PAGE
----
Ways to dispute unexpected phone charges

December 20, 2007 10:35:10 AM PST
We've all been the target of sales pitches and you can always say no, but a lot of people are saying "yes" when they don't even know it.

If you've ever noticed your phone bill was a little bit higher than usual, you might blame it on those extra long distance calls. But if you take a closer look, you might find some unexplained charges you don't have to pay.

Deborah Boykin never paid much attention to her AT&T phone bill until a couple weeks ago.

"Let me just eliminate some services on my phone bill that I wasn't using like priority ringing," said Deborah Boykin of San Leandro.

It was then that she noticed a mysterious charge for about $29 dollars

"When I looked at the bill it said enhanced services billing so I said what is this," said Boykin.

She called the 800 number next to it.

The customer service agent could not explain exactly what it was," said Boykin.

So Deborah called AT&T, and the agent told her it was a "masked" charge -- as in "hidden," and whatever it was, she'd been paying it every month for a year. And since they were not AT&T bills, she'd have to call the billing company, enhanced services billing.

Deborah called 7 On Your Side, and it turned out the answer was buried on page eight of her phone bill.

The charges came from two companies. She never heard of either one.

"My Infoguard voicemail, Idetheft. What is Voicemail Idetheft and what is My Product Imail voicemail," said Boykin.

Deborah says she never ordered any of them. If true, she'd been a victim of cramming. That's when unauthorized charges are crammed on your phone bill.

The California Public Utilities Commission has received 1,800 cramming complaints over the past two years.

But how did Deborah's charges get there?

"Consumers need to be so aware of what they may be inadvertently signing up for,'' said attorney from the Utility Reform Network Bill Nusbaum.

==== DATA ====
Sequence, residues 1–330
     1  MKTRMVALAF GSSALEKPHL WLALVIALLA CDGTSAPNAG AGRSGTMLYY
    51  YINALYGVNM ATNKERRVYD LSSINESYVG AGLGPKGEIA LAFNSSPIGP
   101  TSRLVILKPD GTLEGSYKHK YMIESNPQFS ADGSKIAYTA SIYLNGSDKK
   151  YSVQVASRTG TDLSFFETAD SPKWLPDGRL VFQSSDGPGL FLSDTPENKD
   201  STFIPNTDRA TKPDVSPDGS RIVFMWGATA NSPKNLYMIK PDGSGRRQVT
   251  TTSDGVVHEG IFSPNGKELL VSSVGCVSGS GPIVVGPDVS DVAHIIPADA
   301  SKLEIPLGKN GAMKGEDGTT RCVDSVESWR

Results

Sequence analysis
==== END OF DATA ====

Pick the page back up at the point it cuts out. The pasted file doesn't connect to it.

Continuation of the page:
Bill Nusbaum is an attorney with the utility reform network. He says what might have happened is Deborah unwittingly signed up for services. Consumers may do that when they go online, call an 800 number, or enter a contest.

"Unbeknownst to you the fine print may in fact say you're really signing up for a service," said Nusbaum.

Enhanced Services Billing of Texas known as ESBI does billing for the two companies on Deborah's bill.

Did they cram on Deborah's bill? ESBI did not return our calls for comment.

Also not talking is "My I-products I-mail." but this company, "My Infoguard" of Florida, told us Deborah did fill out this form online in September 2006 ordering voicemail service. The company says Deborah clicked on this box to confirm the order.

Company attorney Andrew Lustigman said My Infoguard is not involved in cramming, and any such claim would be "outrageous."

But Deborah is certain she did not deliberately sign up for those services.

"Supposed to have an 800 email and voicemail and Imail number. I have none of these things. Beware of what you do on the computer and check your monthly bills," said Boykin.

AT&T said it has a policy to send charges back to the billing company if consumers say they didn't order the services. It credited Deborah's account for the full $316 dollars she said were unauthorized charges.

And the two smaller companies did cancel her account.

Enhanced Services Billing has an unsatisfactory record with the Better Business Bureau, with 151 complaints over the past three years from customers claiming unauthorized billing.

The Federal Trade Commission charged ESBI with the same thing in 2001. Those charges were settled with a pledge to stop unauthorized billing.


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